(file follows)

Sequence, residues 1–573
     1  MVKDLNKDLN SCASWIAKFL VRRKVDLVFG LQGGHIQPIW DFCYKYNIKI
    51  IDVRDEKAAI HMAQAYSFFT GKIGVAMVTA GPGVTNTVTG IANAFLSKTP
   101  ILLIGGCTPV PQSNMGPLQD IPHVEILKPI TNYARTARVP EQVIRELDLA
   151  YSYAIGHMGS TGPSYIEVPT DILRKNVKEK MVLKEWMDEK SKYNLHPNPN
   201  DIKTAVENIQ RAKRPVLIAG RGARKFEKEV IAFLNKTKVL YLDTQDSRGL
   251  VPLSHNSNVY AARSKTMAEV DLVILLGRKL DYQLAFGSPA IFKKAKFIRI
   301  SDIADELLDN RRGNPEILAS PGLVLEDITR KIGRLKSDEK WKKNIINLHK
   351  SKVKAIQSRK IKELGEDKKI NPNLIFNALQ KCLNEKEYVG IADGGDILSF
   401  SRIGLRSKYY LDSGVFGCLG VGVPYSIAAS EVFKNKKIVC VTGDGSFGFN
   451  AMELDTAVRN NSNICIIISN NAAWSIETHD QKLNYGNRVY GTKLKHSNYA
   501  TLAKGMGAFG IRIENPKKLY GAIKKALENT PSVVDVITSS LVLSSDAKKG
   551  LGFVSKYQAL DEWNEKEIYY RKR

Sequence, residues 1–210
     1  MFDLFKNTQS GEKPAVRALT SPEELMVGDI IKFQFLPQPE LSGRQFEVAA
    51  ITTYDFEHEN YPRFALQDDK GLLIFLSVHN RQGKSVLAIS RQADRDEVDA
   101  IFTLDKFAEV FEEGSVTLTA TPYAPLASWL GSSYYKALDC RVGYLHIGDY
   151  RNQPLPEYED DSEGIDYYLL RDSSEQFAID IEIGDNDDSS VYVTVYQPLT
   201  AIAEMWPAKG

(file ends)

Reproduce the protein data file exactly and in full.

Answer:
Sequence, residues 1–573
     1  MVKDLNKDLN SCASWIAKFL VRRKVDLVFG LQGGHIQPIW DFCYKYNIKI
    51  IDVRDEKAAI HMAQAYSFFT GKIGVAMVTA GPGVTNTVTG IANAFLSKTP
   101  ILLIGGCTPV PQSNMGPLQD IPHVEILKPI TNYARTARVP EQVIRELDLA
   151  YSYAIGHMGS TGPSYIEVPT DILRKNVKEK MVLKEWMDEK SKYNLHPNPN
   201  DIKTAVENIQ RAKRPVLIAG RGARKFEKEV IAFLNKTKVL YLDTQDSRGL
   251  VPLSHNSNVY AARSKTMAEV DLVILLGRKL DYQLAFGSPA IFKKAKFIRI
   301  SDIADELLDN RRGNPEILAS PGLVLEDITR KIGRLKSDEK WKKNIINLHK
   351  SKVKAIQSRK IKELGEDKKI NPNLIFNALQ KCLNEKEYVG IADGGDILSF
   401  SRIGLRSKYY LDSGVFGCLG VGVPYSIAAS EVFKNKKIVC VTGDGSFGFN
   451  AMELDTAVRN NSNICIIISN NAAWSIETHD QKLNYGNRVY GTKLKHSNYA
   501  TLAKGMGAFG IRIENPKKLY GAIKKALENT PSVVDVITSS LVLSSDAKKG
   551  LGFVSKYQAL DEWNEKEIYY RKR

Sequence, residues 1–210
     1  MFDLFKNTQS GEKPAVRALT SPEELMVGDI IKFQFLPQPE LSGRQFEVAA
    51  ITTYDFEHEN YPRFALQDDK GLLIFLSVHN RQGKSVLAIS RQADRDEVDA
   101  IFTLDKFAEV FEEGSVTLTA TPYAPLASWL GSSYYKALDC RVGYLHIGDY
   151  RNQPLPEYED DSEGIDYYLL RDSSEQFAID IEIGDNDDSS VYVTVYQPLT
   201  AIAEMWPAKG